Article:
The Changing of the Tide in the Syrian Civil War – Itamar Rabinovich
The tide is changing in the Syrian civil war, with Bashar al-Assad and his regime gaining momentum. A massive effort by Iran and its proxy, Hizbullah, in al-Qusayr in June 2013 secured control of a strategic location and was followed by slow, gradual advances in other areas. Overall, the regime is moving ahead in its effort to obtain control of Syria’s central axis from Damascus to Aleppo, with extensions westward towards the Alawite region and the coast and southward in the direction of Daraa.
Ironically, the use of chemical weapons against its own population in August ended with an achievement of sorts for the regime that used them. It was given a new lease on life as it became an indispensable partner for the implementation of the American-Russian agreement.
On the ground, the Syrian National Council (SNC) is weak, divided, and devoid of influence. The Free Syrian Army (FSA) under General Salim Idris has not been able to become the dominant military organization. Jihadi groups, most notably al-Nusra Front and ISIS (Islamic State of Iraq and Syria), seem to be the most effective component of the opposition, but their vision, program, and conduct in the areas they control are abhorrent to the Syrians and to the international community.
The Saudis seem to be the major force behind the new “Islamic Front,” an umbrella organization composed of several Islamist groups that are neither jihadi nor close to the Muslim Brotherhood. The opposition, which in 2012 and early 2013 seemed to be able to defeat the regime, now seems unable to achieve this. The regime has momentum on its side, but its prospect of reestablishing itself effectively throughout Syria is dim. The writer was Israel’s Chief Negotiator with Syria (1992-1995) and Israeli ambassador to the U.S. (1993-1996). (Institute for National Security Studies)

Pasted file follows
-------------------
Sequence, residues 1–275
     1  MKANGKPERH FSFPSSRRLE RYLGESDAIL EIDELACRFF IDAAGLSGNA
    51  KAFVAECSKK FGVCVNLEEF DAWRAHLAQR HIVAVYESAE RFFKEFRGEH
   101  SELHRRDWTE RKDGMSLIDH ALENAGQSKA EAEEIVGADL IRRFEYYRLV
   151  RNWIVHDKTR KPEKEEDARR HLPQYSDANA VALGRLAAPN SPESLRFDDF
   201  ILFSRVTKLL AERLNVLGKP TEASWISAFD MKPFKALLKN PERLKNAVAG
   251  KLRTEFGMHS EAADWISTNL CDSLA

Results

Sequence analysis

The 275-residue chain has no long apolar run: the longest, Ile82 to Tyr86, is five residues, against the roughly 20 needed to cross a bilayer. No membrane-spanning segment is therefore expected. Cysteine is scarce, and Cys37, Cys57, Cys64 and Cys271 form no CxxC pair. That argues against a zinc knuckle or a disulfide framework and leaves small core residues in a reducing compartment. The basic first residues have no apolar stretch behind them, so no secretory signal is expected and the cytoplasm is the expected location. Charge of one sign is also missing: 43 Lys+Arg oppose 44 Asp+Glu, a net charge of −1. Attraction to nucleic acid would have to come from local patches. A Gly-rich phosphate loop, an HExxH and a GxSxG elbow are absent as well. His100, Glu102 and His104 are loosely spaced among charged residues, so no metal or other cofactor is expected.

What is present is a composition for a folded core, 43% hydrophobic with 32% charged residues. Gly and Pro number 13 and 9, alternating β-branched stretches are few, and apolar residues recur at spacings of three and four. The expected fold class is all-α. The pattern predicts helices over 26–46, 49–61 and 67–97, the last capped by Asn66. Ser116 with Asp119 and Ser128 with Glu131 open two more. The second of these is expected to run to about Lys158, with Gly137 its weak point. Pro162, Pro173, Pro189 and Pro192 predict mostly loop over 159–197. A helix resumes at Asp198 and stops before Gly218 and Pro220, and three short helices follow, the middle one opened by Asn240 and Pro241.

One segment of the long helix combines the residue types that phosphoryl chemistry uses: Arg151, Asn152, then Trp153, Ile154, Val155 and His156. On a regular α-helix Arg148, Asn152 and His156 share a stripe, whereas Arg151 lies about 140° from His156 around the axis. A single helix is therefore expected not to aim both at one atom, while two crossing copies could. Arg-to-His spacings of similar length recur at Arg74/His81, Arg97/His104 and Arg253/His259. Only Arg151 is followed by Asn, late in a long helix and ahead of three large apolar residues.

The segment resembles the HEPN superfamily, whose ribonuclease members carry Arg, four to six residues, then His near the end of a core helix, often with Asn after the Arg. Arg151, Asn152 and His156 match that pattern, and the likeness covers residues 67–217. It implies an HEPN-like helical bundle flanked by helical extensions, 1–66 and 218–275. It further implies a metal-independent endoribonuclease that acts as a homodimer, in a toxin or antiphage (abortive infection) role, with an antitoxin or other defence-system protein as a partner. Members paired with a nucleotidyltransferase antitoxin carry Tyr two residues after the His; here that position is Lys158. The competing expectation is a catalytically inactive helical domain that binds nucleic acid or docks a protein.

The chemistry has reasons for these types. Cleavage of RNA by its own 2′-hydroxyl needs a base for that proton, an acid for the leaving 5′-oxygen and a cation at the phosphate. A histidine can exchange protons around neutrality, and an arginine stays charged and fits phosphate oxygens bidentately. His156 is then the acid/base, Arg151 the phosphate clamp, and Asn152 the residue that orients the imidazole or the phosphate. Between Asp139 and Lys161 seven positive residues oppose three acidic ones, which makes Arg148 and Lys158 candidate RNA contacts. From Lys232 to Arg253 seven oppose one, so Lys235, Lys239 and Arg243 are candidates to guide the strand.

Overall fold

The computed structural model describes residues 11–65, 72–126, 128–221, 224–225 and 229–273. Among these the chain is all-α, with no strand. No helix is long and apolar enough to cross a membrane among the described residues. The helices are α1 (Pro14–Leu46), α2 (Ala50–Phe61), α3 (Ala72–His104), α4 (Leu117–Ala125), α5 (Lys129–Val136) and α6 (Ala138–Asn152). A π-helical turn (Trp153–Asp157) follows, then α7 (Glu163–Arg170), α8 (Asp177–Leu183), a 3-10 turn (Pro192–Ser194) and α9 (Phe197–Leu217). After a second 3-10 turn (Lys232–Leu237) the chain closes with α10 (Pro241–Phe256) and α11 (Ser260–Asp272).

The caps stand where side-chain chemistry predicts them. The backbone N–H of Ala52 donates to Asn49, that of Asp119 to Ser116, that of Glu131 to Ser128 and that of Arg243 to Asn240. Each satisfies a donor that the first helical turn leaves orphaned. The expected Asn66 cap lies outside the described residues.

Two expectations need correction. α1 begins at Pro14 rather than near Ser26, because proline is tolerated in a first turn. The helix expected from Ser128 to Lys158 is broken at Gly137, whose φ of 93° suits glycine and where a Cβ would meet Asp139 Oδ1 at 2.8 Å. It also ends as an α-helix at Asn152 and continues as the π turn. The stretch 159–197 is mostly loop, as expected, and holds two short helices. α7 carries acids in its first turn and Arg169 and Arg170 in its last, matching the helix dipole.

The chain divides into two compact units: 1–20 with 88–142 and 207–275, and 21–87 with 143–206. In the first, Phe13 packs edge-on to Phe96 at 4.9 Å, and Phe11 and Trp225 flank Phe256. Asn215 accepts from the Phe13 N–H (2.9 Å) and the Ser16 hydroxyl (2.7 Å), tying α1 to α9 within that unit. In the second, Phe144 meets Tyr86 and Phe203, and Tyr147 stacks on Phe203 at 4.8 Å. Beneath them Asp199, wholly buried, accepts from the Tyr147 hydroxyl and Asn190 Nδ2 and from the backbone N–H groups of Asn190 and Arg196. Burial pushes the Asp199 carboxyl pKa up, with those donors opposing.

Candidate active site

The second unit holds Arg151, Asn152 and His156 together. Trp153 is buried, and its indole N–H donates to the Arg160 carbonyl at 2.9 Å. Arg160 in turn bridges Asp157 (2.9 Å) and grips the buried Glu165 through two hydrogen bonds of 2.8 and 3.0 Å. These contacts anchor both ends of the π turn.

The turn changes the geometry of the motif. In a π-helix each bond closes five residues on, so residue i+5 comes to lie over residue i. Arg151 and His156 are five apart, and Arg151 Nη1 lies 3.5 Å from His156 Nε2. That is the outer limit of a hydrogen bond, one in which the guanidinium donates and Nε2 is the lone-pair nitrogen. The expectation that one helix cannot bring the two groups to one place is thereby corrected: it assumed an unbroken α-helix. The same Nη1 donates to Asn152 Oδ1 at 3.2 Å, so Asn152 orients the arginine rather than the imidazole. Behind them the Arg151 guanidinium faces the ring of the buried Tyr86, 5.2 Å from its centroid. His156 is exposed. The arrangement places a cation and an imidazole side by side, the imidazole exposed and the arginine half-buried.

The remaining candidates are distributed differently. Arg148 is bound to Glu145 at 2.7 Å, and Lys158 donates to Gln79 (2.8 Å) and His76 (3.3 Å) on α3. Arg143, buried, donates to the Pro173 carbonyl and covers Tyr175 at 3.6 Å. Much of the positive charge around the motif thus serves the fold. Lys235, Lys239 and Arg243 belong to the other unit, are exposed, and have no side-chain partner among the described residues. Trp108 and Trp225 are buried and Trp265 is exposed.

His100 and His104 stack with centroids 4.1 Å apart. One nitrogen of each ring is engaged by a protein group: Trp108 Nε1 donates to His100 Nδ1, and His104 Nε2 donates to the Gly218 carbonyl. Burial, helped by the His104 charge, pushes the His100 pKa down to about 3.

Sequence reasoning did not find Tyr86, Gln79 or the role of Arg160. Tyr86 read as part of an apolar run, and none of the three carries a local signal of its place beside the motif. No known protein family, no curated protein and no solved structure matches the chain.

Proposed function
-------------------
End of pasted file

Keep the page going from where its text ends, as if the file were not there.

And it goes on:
New voices are rising in Washington that Syrian President Bashar Assad could find quite comforting. Former CIA head Michael Hayden said he sees three possible outcomes for the Syrian struggle, none involving a victory for the rebels. “Option three is Assad wins,” Hayden said at the Jamestown Foundation conference of terror experts. “As ugly as it sounds, I’m kind of trending toward option three as the best out of three very, very ugly possible outcomes.” The other two are an escalating war between Sunni and Shi’ite extremists and Syria’s dissolution into battling cantons.
Ryan Crocker, a former U.S. ambassador to Iraq and Syria, told theNew York Times that “bad as Assad is, he is not as bad as the jihadiswho would take over in his absence.” (Ha’aretz)